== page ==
Jane Beatty will oversee efforts, including switch to new computer system
In anticipation of upcoming statewide changes to the community and technical college system, Clark College recently hired Camas resident Jane Beatty to help guide the college through the new transition.
Beatty has been hired to oversee changes occurring across campus, including the college’s adaptation of ctcLink, a new, standardized system of online functions that will replace the current 30-year-old computer system used by Washington state’s 34 community and technical colleges. It is a single, centralized system of online functions that will give students, faculty and staff 24/7 access to information.
In this position, which is expected to run for about five years, she will identify organizational changes required to make ctcLink successful at the college, represent Clark in statewide discussions and ensure that it adheres to its schedule for ctcLink implementation.
She will also work closely with stakeholders from all departments affected, such as instruction, enrollment, financial aid, information technology, business services and human resources, a press release from Clark College states.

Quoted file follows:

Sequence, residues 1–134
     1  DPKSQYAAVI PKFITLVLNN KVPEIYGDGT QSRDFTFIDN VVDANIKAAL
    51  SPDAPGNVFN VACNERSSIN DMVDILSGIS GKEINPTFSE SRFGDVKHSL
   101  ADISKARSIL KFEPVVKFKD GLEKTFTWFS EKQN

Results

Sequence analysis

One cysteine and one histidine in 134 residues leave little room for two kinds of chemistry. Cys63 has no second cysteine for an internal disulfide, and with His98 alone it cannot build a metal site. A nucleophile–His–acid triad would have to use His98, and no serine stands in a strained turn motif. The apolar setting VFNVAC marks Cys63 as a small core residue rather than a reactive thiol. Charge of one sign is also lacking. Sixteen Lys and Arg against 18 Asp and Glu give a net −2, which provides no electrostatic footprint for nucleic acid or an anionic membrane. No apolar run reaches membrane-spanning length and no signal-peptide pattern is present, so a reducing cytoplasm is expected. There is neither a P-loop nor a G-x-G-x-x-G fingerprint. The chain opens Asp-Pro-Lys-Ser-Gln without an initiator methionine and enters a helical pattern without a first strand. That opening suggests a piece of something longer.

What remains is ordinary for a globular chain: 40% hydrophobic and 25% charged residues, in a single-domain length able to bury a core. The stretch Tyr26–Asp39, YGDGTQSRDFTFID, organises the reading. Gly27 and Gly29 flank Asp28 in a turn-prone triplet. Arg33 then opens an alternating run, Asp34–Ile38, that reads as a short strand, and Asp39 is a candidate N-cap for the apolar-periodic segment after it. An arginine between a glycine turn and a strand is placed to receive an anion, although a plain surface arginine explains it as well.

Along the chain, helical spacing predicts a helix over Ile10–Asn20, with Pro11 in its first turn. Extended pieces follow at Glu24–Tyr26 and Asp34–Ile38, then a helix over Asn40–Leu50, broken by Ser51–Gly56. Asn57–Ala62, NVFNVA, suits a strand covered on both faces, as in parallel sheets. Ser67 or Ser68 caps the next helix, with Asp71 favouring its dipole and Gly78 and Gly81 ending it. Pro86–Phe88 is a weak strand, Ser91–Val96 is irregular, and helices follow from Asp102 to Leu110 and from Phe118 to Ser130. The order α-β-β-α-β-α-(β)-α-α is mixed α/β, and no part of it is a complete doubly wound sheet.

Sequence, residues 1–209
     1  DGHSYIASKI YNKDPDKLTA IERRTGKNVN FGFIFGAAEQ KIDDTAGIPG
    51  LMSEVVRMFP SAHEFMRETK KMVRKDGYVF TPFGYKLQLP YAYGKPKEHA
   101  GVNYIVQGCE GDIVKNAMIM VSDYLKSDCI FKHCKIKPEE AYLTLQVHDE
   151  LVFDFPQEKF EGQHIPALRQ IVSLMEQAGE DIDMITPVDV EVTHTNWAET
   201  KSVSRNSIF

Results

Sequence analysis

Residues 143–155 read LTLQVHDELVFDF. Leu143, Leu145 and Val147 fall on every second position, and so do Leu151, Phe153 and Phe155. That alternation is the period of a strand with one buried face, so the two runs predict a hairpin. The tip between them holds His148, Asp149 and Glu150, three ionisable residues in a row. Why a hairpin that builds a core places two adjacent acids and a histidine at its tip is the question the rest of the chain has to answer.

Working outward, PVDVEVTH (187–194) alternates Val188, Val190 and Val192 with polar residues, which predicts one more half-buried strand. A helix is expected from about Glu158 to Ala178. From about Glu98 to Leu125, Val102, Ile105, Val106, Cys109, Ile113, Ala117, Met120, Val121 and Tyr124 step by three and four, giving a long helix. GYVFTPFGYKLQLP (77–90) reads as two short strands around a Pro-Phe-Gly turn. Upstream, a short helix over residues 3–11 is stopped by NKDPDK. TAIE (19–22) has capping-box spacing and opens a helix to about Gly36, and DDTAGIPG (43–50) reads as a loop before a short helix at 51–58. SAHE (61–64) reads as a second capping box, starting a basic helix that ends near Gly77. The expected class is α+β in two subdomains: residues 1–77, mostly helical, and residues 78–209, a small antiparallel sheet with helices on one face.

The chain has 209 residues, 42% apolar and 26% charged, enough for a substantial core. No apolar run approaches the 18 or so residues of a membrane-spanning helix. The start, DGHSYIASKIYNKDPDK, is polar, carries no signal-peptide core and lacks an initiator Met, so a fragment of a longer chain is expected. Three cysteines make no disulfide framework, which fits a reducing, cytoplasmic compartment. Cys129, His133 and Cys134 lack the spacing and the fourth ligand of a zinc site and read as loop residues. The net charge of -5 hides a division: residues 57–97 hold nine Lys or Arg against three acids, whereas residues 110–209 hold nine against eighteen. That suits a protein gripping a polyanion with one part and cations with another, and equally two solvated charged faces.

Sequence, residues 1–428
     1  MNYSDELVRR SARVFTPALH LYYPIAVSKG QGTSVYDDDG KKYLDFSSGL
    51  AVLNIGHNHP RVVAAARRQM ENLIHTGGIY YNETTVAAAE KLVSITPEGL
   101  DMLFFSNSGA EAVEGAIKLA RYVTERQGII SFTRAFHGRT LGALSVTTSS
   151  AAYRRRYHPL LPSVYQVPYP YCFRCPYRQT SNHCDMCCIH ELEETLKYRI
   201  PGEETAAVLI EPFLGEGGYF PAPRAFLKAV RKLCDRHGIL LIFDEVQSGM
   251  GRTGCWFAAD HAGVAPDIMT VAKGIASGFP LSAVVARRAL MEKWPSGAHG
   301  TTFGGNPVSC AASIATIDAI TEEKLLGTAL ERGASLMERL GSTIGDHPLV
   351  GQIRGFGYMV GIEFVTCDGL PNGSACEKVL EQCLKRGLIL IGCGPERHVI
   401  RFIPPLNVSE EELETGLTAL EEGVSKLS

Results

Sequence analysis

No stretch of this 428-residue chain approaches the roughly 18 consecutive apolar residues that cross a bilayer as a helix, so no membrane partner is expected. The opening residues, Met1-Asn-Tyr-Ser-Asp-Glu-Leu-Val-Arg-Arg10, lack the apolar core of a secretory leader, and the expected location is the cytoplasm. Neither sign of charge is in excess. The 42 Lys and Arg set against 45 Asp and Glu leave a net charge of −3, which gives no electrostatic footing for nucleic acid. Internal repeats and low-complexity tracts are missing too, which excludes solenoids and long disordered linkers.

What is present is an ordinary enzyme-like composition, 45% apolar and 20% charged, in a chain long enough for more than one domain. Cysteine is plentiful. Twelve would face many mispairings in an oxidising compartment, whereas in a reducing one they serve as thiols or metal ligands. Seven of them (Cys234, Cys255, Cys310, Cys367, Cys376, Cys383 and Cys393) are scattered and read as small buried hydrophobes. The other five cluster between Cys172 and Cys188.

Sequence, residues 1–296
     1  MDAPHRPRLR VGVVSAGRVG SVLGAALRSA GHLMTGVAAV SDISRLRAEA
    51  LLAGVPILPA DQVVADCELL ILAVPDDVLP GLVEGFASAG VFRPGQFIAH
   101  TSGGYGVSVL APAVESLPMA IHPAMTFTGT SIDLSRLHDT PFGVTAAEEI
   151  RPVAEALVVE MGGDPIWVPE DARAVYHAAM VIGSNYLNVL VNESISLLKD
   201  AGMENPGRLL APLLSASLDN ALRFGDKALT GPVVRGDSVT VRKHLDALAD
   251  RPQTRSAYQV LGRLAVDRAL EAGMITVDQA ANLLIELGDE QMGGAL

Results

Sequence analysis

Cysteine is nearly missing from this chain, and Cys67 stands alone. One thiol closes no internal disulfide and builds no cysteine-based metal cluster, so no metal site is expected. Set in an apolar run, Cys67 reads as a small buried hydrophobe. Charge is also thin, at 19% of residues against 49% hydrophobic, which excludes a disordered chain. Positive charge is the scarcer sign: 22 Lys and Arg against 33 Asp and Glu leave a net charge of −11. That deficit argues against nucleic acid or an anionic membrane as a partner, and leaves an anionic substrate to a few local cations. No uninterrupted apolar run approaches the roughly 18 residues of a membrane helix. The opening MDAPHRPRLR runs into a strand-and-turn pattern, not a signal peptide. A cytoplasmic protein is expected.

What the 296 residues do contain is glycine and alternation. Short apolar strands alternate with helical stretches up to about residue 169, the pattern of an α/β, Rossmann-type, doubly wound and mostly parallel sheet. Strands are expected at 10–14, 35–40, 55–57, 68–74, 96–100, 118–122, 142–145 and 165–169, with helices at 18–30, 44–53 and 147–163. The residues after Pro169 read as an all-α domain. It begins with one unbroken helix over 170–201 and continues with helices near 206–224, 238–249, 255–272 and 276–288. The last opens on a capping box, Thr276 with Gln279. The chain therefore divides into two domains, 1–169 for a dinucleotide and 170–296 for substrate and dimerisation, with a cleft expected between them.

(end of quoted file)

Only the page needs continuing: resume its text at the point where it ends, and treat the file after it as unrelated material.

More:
“This campus has a rich history and an energy that speaks of excitement, growth, and future possibilities for students, faculty, and staff,” Beatty said. “In learning more about the director of change management position, I realized I could help the college understand, prepare for, and embrace the changes that are ahead of us. In order to fully reach our potential, change must take place. Working together, we can take Clark College toward that vision. I’m really pleased to be a part of that effort and a part of Clark College.”
Robert Knight, Clark president, added that Beatty will be a good addition to the executive leadership team.
“As our new director of change management, Jane Beatty’s deep industry experience and understanding of systems implementation will really benefit Clark College,” he said.
Beatty, 56, was most recently the president of Custom Interface, Inc., a producer of electromechanical devices. Before that, she worked for Intel Corporation in human resources, where job duties included supporting a worldwide software implementation that helped to drive training, and change management and business alignment to the new system.
Beatty began her career as a high school teacher after earning a bachelor’s degree from Emory University in 1978 and a master’s in education from Georgia State University in 1982.
She recently relocated to Camas from the Columbia Gorge, where she served as president of the Gorge Technology Alliance, a non-profit that supports science, technology, engineering and math education.
She was also a member of the Hood River City Council.
Beatty decided to move to Camas because she owns a horse and wanted to be close to stables.
“Additionally, I loved the ‘old town’ streets in Camas and found the store owners, restaurateurs and others in town to be incredibly helpful and friendly,” she said.
“Camas is a great place to live. I can walk into town, which I try to do daily, pick up anything I need and walk back up the hill. It’s great exercise.”